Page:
Skip to main page content
Access keys NCBI Homepage MyNCBI Homepage Main Content Main Navigation
, 24 (3), 207-15

Variability and Stability in Cognitive Abilities Are Largely Genetic Later in Life

Affiliations

Variability and Stability in Cognitive Abilities Are Largely Genetic Later in Life

R Plomin et al. Behav Genet.

Abstract

The powerful quantitative genetic design of identical and fraternal twins reared apart (112 pairs) and matched twins reared together (111 pairs) was employed to assess the extent of genetic influence on individual differences in cognitive abilities during the last half of the life span. General cognitive ability yielded a heritability estimate of about .80 in two assessments 3 years apart as part of the Swedish Adoption/Twin Study of Aging. This is one of the highest heritabilities reported for a behavioral trait. Across the two ages, average heritabilities are about .60 for verbal tests, .50 for spatial and speed-of-processing tests, and .40 for memory tests. For general cognitive ability, the phenotypic stability across the 3 years is .92 and stable genetic factors account for nearly 90% this stability. These findings suggest that general cognitive ability is a reasonable target for research that aims to identify specific genes for complex traits.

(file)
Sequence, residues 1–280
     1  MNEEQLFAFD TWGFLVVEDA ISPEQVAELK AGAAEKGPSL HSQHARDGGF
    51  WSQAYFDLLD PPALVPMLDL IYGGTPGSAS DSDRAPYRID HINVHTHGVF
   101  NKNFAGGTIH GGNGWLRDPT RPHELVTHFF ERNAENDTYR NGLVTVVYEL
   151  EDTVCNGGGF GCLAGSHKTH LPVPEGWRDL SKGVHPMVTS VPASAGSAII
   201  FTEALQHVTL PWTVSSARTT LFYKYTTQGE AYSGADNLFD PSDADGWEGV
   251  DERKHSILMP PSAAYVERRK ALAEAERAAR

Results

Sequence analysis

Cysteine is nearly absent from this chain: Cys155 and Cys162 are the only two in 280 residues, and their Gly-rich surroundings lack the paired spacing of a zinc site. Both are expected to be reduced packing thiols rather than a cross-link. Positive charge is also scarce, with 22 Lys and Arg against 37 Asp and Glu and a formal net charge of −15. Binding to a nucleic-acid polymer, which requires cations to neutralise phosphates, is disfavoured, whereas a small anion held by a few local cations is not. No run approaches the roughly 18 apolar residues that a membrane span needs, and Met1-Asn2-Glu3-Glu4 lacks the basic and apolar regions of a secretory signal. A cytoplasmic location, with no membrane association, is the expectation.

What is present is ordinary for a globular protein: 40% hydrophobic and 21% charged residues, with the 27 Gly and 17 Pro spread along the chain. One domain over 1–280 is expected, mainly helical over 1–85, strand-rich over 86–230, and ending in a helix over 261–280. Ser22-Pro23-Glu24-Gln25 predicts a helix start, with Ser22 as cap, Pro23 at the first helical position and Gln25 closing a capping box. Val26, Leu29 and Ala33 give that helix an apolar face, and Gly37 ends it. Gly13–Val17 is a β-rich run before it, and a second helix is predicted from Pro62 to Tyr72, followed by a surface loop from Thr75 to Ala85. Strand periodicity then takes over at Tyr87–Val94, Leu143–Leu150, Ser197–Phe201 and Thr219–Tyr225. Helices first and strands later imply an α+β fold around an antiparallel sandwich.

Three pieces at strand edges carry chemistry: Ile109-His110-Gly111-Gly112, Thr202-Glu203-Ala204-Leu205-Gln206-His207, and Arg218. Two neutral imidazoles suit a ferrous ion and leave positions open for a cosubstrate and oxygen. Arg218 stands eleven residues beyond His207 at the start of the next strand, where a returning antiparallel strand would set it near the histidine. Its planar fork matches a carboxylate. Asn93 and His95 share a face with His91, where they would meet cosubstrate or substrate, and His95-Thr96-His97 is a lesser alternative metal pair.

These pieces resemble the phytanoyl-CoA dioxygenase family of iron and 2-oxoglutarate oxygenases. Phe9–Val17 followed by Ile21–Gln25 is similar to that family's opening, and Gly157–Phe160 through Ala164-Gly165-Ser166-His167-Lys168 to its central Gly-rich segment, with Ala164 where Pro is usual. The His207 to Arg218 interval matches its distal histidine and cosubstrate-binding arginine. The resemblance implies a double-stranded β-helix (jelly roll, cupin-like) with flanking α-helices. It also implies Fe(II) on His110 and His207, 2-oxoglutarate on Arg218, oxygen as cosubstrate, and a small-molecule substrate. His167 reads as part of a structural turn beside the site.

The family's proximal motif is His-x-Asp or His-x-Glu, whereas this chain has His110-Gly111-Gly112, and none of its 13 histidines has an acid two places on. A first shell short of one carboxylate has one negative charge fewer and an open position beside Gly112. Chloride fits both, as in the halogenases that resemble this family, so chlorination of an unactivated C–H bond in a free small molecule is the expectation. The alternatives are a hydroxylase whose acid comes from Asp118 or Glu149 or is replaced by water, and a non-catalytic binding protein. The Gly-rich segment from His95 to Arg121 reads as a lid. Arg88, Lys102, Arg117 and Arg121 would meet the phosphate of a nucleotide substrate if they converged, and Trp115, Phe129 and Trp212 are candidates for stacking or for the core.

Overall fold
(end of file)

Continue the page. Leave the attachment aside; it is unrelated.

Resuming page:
Similar articles

See all similar articles

Cited by 22 PubMed Central articles

See all "Cited by" articles

References

    1. Annu Rev Genet. 1976;10:179-207 - PubMed
    1. Child Dev. 1989 Aug;60(4):993-1004 - PubMed
    1. Acta Genet Med Gemellol (Roma). 1991;40(1):7-20 - PubMed
    1. Science. 1992 Jul 10;257(5067):164-5 - PubMed
    1. Child Dev. 1983 Apr;54(2):298-316 - PubMed

Publication types

LinkOut - more resources

Feedback